Regulating Trustworthy AI: a Fundamental-rights Based Approach


23 Apr 2019

There is no widely accepted definition of artificial intelligence (“AI”). Within the field, a trend is growing whereby AI is defined on the basis of objectives and the manner in which AI-based systems seek to accomplish them. 

Following suit, the European Commission (“EC”), the supranational institution currently spearheading discussions in the field at the European level, explains that AI refers to systems that display intelligent behavior by analysing their environment and taking actions – with some degree of autonomy – to achieve specific goals.[1]

Recognising the ever-growing strategic importance of AI, the EC has stressed that the socio-economic, legal and ethical implications of this transformative technology must be carefully considered. In its 2018 communication, the EC defined a European approach to AI based on three pillars:

  1. Being ahead of technological developments and encouraging uptake by the public and private sectors;
  2. Preparing for socio-economic changes brought about by AI;
  3. Ensuring an appropriate ethical and legal framework.

In support of these pillars, the EC appointed theHigh-Level Expert Group on Artificial Intelligence (“AI HLEG”) whose work includes the elaboration of recommendations on future-related policy developments. Among its first work, the AI HLEG proposed its first draft AI ethics guidelines[2] to the EC on 18 December 2018. Following the closure of the consultation period, the official Ethics Guidelines for Trustworthy AI were published on 8 April 2019. (the “Guidelines”).

The Guidelines introduce an extension of the concept of AI which is the notion of “trustworthy AI.” Underlying this idea is the belief that people will embrace AI more confidently if they are able to trust the technology. Accordingly, trustworthy AI is composed of three cumulative elements whereby the technology is:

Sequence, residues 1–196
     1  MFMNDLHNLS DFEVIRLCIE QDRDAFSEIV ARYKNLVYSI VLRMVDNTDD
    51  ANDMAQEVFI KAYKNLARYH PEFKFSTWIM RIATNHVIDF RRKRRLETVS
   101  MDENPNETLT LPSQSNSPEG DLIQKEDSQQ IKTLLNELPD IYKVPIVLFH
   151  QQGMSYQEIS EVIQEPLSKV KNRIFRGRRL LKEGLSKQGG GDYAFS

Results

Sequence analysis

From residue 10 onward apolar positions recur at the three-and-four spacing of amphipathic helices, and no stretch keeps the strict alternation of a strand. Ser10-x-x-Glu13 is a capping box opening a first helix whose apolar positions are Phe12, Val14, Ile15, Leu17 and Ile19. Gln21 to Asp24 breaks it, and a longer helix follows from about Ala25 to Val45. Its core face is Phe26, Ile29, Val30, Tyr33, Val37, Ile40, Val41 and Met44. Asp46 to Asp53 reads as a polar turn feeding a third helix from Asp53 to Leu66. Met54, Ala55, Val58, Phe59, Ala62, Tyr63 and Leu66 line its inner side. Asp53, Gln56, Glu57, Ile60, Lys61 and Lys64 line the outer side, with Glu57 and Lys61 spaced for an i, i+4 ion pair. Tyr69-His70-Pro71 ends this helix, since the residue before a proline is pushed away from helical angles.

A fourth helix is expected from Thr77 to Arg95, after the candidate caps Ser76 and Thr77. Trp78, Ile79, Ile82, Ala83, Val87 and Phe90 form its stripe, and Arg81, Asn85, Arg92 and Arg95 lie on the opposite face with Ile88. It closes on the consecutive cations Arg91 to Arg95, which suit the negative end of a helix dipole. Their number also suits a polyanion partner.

1. Lawful, complying with all applicable laws and regulations;
  2. Ethical, ensuring adherence to ethical principles and values;
  3. Robust, from both a technical and social perspective, in view of the reality that AI systems can cause unintended harm.

The Guidelines set out a framework for achieving trustworthy AI, including the adherence of AI systems to four ethical principles (referred to as “Ethical Imperatives”). Recognising that new technologies should not mean new values and should not de-base the current society values, the Ethical Imperatives find their roots in the rights protected under the Charter of Fundamental Rights of the European Union, including: (i) respect for human autonomy; (ii) the prevention of harm; (iii) fairness; and (iv) explicability.

Drawing upon these Ethical Imperatives, the Guidelines outline how trustworthy AI systems can be realised through their adherence to seven requirements which can be implemented through both technical and non-technical methods. These are:

  1. Human agency and oversight – Users should be able to make informed decisions about AI systems and to monitor the overall activity of the AI system, including being able to decide when and how to use the system in any particular situation.
  2. Technical robustness and safety – AI systems are to be developed using a preventative risk-based approach and must behave as intended while minimising unwarranted and unexpected harm while preventing unacceptable damage.
  3. Privacy and data governance – Any interaction between AI systems and personal data should be secure and processed in a manner that protects privacy.